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  Tom Blackett Chips and Tips - Trustmarks
by Tom Blackett
December 8, 2003

I first visited Soweto in the early nineties, just before the end of apartheid. Back in those days there were few amenities for the two million-odd people who lived there: some schools and hospitals and just one shopping centre of significant size. Apart from the surprising diversity of the housing (tin shacks to walled villas) and the great crowding and poverty, my abiding memory is of the “spazzas.” These are small open-air shops, little more than trestle tables stacked with a few household necessities -- flour, detergents, rice, coffee -- which enterprising Sowetans run for the benefit of their neighbors.

I remarked to my guide that the products on display were all leading brands and asked why, as the people were so poor, cheaper alternatives were not available. The answer was simple: these people had so little money that they just could not afford to risk buying a brand they did not know and trust. In fact, among poor South Africans such brands are known as “trustmarks.” Nothing I have learned since about brands has taught me more about the value of reputation.

Branding is a binary process. First the name, logo, pack design, advertising and purchasing environment must create the promise; and then the product or service concerned has to deliver. If the brand lives up to expectations then trust is rewarded; if it does not then the buyer will look elsewhere.

It is always important to remember that the visual aspects of brands -- the marks of identification most dictionaries refer to -- are triggers of recognition. Brand owners rightly invest huge sums keeping these in good repair, to ensure that they remain relevant and appealing to their customers. But important as these triggers are, reputation depends upon satisfaction.


In a sense, the visual components of the brand act as a proxy for its reputation. And how wonderfully enlightened is the law, which allows brand owners to protect their trade marks subject to tests that are none too onerous. For many consumers the ® symbol has a significance that eludes most brand marketers, who probably regard its inclusion on packaging and in advertising, at the insistence of those pernickety trade mark people, as aesthetically barbaric. Yet for consumers, it confers an additional layer of confidence, as they may rightly infer that the names and symbols thus endorsed carry the weight of statutory approval.

So good brand management is all about managing customer confidence so that he or she can buy without fear of risk. The reputation thus established then needs to be maintained. Brand owners recognize the commercial advantage reputation brings, and the law provides for the protection of the marks of recognition that symbolize this. There is a very strong mutuality of interest involved in keeping the faith, otherwise the consumer and the brand owner will suffer, and the law will be devalued.

Brands sometimes falter, mostly through neglect or bad luck, but occasionally through dishonesty. The Jaguar brand survived many years of appalling quality -- self-inflicted wounds; Coca-Cola recovered from its 1999 contamination scare and the collateral damage this caused. Why? Because both brands had reputations that helped them to survive the worst consequences that bungling and negligence could throw at them. And, arguably, there was nothing wrong with the products and services that Enron and WorldCom supplied, but they cheated their shareholders and thereby destroyed any thread of credibility they may have had. It is doubtful whether even the longest-established brand could have withstood this degree of abuse.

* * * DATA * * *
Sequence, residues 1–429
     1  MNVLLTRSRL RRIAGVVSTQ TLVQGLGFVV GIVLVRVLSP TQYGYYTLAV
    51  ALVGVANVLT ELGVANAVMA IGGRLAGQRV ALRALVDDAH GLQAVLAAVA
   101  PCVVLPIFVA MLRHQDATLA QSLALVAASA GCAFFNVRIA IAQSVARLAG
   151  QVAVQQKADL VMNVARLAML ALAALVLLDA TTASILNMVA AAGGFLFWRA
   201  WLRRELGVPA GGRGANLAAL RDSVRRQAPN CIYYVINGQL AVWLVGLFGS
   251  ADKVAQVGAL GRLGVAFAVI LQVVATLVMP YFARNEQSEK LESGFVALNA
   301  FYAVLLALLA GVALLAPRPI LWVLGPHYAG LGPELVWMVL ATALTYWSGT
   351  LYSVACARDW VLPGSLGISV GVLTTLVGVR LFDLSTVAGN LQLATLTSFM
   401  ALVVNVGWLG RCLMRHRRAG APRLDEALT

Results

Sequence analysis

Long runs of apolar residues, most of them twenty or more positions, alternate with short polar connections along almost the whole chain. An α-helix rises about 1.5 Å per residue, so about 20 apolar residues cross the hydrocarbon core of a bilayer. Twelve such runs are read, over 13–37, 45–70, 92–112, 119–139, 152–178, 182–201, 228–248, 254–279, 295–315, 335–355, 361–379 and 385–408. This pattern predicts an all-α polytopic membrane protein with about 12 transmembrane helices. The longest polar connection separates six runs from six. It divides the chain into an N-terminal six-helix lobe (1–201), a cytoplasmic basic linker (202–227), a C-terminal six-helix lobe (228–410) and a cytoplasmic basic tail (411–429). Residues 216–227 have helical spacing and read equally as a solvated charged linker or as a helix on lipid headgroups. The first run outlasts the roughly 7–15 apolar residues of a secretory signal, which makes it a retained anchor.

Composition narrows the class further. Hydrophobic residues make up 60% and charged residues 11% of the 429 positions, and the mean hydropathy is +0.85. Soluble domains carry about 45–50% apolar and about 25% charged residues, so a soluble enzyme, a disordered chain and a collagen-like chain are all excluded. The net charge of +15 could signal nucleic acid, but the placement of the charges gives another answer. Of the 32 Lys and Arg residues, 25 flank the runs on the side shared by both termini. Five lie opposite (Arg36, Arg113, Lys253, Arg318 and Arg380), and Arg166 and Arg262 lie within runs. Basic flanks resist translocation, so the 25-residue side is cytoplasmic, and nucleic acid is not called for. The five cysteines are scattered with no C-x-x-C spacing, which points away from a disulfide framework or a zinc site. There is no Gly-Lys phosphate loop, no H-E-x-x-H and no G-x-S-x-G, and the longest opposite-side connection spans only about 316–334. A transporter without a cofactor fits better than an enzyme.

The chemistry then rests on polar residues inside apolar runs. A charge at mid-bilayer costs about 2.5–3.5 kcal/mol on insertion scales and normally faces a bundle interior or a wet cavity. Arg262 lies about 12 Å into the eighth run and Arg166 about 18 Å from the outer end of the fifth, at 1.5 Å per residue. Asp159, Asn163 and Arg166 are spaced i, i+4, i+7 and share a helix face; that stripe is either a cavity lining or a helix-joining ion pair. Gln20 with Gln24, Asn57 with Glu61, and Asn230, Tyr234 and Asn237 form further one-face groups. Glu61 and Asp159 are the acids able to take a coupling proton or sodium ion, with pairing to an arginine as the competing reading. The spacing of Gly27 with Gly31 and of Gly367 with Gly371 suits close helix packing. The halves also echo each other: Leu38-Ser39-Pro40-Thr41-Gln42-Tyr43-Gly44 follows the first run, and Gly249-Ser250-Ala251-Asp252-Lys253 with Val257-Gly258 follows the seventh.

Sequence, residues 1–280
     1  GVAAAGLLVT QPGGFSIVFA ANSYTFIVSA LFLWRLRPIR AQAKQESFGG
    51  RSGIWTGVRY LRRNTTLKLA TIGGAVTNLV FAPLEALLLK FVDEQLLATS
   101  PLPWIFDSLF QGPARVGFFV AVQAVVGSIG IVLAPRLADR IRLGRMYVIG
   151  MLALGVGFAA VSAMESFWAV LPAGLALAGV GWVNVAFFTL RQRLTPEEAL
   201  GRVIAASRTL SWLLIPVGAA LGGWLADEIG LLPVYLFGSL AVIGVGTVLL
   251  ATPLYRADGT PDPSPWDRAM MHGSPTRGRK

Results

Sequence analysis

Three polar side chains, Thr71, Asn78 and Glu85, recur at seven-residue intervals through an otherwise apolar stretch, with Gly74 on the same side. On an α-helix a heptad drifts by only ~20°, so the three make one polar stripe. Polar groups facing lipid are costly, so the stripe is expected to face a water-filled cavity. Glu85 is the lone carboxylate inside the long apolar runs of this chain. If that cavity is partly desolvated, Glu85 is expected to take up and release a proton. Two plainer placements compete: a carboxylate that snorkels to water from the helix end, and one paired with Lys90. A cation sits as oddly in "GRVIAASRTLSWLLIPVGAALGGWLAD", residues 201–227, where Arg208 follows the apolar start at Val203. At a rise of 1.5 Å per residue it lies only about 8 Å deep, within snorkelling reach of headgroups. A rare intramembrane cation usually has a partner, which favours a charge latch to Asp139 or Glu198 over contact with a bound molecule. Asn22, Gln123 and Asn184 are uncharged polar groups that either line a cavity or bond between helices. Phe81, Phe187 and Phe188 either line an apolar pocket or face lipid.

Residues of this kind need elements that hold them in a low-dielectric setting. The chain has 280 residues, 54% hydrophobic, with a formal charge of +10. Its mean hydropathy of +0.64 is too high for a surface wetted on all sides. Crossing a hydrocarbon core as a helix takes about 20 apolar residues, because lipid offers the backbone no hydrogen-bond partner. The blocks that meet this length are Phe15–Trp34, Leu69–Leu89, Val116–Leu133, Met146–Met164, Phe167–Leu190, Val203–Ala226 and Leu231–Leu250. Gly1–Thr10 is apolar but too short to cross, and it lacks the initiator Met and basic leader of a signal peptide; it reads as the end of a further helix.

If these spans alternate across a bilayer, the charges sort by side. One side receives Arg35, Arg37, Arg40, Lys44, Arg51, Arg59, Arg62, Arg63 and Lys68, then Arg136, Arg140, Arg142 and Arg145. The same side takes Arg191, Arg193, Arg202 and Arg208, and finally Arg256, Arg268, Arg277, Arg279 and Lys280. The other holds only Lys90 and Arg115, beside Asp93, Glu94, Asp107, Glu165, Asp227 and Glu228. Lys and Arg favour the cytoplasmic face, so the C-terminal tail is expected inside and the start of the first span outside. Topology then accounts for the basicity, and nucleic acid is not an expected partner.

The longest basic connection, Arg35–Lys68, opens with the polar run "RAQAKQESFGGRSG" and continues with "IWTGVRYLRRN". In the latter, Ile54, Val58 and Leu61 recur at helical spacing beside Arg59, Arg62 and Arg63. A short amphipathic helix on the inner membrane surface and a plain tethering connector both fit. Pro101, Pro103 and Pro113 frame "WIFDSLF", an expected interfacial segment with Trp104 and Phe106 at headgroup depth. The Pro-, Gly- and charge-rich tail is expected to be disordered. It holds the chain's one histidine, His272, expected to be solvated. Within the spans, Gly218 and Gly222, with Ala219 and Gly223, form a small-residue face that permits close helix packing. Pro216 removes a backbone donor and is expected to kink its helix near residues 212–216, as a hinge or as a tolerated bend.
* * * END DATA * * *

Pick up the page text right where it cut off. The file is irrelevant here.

Of course, brand owners who tend their reputations find that they have an important tool to help them develop. The reputation of Nestlé as a manufacturer of good quality food products gives it a means to exploit new categories. The vision of Sir Richard Branson -- that consumers deserve a better deal -- animates the Virgin brand, the reputation of which, despite shortcomings in one or two categories, is generally high. Swiss manufacturing efficiency versus high idealism: two widely differing platforms upon which to build reputation, but each pursued with great dedication.

Should there be directives, codes of practice and regulations to compel businesses not to trade unfairly? (These have been suggested recently in Westminster and Brussels). In areas where the consumer is particularly vulnerable, through lack of market forces or the reputation incentive, perhaps yes. But in markets for branded goods and services, where information and choice are abundant, my view is probably no -- here caveat emptor must apply.

Pragmatic brand owners understand that satisfied customers can become loyal customers, and that loyal customers can be a source of strong cash flows. Thus there is a powerful motive to keep the faith and to ensure that the brand follows through in all aspects of delivery. Consumers are equally pragmatic: for them, a strong reputation reduces the risk of making a costly mistake. This applies equally to the Rolls-Royce you gaze at in the showroom at Berkeley Square as it does to the pack of Huletts Sun Sweet Sugar in the Soweto spazza.
Reprinted with permission by the British Brands Group.

   Tom Blackett is Deputy Chairman of the Interbrand Group.

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